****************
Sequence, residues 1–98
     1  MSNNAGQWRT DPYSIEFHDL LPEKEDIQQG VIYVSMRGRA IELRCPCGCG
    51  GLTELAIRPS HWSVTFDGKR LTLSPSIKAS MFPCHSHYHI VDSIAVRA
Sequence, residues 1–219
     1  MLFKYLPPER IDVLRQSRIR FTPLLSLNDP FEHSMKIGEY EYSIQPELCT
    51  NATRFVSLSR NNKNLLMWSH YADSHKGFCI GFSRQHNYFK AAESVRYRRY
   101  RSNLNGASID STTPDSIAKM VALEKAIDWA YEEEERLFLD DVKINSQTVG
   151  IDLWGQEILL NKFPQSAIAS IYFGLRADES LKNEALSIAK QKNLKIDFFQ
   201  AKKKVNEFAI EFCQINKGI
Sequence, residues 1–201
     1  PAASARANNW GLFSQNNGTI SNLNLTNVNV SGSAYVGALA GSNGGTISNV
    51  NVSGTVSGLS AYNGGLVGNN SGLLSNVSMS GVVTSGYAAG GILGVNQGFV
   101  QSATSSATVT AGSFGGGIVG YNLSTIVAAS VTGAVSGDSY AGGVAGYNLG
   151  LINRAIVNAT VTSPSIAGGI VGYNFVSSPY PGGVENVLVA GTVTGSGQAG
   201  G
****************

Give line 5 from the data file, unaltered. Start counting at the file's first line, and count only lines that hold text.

     1  MLFKYLPPER IDVLRQSRIR FTPLLSLNDP FEHSMKIGEY EYSIQPELCT